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Proposed cell tower puts Antietam on endangered list

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  • RoteBaron
    From today s Hagerstown Herald-Mail: PROPOSED CELLULAR TOWER PUTS BATTLEFIELD ON ENDANGERED LIST Antietam National Battlefield is one of the 10 most endangered
    Message 1 of 2 , Mar 15, 2008
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      From today's Hagerstown Herald-Mail:

      PROPOSED CELLULAR TOWER PUTS BATTLEFIELD ON ENDANGERED LIST

      Antietam National Battlefield is one of the 10 most endangered battlefields in the United States, according to a list released Wednesday by the Civil War Preservation Trust (CWPT). The battlefield is "threatened with a 120-foot-tall cellular tower that would be visible from all of the battlefield's most famous vantage points," according to a CWPT press release. National Park Service officials were notified in December 2007 of a proposal to erect a stealth cell tower south of the battlefield off Mondale Road in Sharpsburg, park Superintendent John Howard said Thursday.

      In January, park officials participated in a visibility test, and the tower would be visible in about 70 percent of the park, Howard said. The officials were asked to provide feedback to a consultant, and Howard said he wrote that the tower would be a "major intrusion into the battlefield viewshed." "Any modern intrusion on it really detracts," Howard said. The "stealth telecommunications structure" would look like a silo tower, said Michael Hofe, president of Liberty Towers, which is exploring the possibility of erecting such a structure in the greater Sharpsburg area.

      Hofe, a Washington County native, said visitors to the battlefield might be able to see about 30 feet of the 120-foot tower above the tree line. "They would see the top of a farm silo," Hofe said. The Civil War Preservation Trust publishes its list of endangered battlefields annually. "One of the most effective tools in our arsenal is public awareness," said Jim Campi, a spokesman for the organization. The tower would "cast quite a shadow on other parts of the battlefield," he said.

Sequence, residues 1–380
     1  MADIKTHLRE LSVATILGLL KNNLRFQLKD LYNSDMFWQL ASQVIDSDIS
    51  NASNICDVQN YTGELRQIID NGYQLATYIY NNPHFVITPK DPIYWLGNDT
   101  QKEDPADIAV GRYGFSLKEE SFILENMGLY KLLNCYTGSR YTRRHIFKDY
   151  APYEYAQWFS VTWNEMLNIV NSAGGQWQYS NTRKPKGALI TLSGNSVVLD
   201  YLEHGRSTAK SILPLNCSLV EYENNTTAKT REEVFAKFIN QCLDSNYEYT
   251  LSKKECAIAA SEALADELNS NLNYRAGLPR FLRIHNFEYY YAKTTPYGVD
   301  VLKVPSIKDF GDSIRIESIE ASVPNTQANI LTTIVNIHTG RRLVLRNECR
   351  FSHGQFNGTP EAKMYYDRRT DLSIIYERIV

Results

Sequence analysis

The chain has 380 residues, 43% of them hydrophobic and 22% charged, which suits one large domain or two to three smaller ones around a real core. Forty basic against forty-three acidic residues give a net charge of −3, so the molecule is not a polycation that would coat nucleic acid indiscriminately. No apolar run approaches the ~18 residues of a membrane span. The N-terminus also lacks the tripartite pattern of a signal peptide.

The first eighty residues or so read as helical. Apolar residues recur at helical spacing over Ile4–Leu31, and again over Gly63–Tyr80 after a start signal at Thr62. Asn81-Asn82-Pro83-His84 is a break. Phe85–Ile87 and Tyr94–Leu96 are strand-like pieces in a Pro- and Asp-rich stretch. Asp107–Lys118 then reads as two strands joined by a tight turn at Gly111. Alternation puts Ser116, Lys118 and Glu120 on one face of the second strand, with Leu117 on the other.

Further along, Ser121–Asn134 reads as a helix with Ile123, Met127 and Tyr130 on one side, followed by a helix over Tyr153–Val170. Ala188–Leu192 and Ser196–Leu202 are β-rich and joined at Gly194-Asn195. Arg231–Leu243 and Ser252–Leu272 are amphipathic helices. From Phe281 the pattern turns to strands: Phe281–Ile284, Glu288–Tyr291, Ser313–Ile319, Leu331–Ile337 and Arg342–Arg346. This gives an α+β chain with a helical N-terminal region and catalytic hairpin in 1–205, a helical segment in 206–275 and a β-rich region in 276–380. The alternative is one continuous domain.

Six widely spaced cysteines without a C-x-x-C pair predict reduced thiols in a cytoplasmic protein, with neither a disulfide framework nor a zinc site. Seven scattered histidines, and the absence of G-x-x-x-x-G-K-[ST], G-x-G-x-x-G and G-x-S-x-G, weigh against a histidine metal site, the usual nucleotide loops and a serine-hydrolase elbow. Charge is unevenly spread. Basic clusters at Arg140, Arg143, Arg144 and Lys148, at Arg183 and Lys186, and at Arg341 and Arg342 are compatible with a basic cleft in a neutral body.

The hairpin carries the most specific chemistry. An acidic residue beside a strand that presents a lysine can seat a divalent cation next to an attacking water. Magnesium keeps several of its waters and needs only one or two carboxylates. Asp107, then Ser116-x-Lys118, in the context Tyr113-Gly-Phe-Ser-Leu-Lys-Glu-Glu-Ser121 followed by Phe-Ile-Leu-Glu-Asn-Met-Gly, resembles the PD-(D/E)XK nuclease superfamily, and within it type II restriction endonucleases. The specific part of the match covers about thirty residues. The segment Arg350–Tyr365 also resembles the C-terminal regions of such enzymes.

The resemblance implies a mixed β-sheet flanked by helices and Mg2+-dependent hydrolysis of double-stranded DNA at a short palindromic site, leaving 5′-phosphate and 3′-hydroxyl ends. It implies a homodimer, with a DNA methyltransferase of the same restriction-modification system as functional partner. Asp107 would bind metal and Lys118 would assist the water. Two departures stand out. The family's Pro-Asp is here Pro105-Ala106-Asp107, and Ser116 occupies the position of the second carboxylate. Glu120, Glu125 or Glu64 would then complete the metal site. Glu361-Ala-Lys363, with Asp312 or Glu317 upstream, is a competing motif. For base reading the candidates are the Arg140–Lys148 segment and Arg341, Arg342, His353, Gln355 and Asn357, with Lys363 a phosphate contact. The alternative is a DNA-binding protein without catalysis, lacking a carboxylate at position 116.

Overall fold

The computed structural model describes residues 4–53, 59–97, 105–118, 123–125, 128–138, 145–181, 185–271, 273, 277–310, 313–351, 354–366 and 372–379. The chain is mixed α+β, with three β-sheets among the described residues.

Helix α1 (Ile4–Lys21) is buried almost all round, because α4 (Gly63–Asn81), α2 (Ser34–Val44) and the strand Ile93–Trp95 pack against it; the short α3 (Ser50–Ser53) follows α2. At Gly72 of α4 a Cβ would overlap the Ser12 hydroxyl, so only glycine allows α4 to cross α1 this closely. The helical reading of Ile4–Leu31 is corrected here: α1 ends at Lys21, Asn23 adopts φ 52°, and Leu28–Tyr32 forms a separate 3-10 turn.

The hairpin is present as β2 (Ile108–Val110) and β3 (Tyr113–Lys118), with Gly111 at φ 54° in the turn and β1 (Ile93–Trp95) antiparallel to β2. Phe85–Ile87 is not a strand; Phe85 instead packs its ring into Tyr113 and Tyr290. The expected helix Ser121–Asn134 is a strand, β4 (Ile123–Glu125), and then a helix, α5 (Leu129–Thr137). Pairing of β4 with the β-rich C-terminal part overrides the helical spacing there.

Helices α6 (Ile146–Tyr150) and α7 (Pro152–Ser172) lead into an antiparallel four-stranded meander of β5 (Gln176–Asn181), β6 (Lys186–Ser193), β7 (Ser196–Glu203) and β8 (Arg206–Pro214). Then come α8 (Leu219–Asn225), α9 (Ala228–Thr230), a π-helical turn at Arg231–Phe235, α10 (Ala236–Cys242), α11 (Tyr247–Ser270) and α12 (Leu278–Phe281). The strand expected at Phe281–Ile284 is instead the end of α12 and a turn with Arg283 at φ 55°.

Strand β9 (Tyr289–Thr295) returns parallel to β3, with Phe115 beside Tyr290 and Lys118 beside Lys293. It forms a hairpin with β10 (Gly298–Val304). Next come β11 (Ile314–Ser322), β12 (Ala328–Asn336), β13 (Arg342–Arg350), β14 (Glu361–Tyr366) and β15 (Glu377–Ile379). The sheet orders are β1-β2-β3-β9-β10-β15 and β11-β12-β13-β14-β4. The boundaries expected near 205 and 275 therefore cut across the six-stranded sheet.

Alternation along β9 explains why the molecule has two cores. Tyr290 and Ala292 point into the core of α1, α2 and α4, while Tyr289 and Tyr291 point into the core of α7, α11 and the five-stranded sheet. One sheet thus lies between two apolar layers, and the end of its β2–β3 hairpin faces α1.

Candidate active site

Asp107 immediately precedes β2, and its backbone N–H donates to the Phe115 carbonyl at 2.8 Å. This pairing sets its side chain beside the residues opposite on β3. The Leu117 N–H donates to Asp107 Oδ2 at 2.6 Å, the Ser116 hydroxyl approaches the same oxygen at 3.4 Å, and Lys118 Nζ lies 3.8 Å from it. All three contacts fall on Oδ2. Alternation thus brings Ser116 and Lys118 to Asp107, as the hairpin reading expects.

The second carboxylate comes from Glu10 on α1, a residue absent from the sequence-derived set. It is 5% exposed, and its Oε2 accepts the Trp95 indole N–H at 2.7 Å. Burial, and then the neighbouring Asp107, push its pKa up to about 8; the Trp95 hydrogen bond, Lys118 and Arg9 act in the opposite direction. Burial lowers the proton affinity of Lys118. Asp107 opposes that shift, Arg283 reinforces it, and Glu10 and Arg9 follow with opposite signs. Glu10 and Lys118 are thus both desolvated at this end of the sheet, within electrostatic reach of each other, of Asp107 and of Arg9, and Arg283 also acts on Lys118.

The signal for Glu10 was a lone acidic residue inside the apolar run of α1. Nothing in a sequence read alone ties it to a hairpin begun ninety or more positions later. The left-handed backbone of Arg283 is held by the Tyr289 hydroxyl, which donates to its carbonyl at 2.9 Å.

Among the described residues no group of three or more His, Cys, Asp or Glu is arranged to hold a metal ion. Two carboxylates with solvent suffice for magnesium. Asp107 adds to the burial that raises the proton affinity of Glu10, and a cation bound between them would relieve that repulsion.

Campi called the possible tower the "most egregious" cellular tower proposal the CWPT has encountered. The tower would be in a location that is zoned appropriately, Hofe said. Several communications companies are interested in the tower, he said.

      Two traditional cellular towers already are visible from the battlefield - one between Sharpsburg and Keedysville and the other south of Boonsboro, Hofe said.

      The full story is online at: http://www.herald-mail.com/?cmd=displaystory&story_id=188656&format=html

      Tom Shay

      [Non-text portions of this message have been removed]
    • Thomas Clemens
      Tom et al, I observed the test for this tower back in early January. Tey put up a balloon to the height of the porposed tower and it was awful. You could see
      Message 2 of 2 , Mar 15, 2008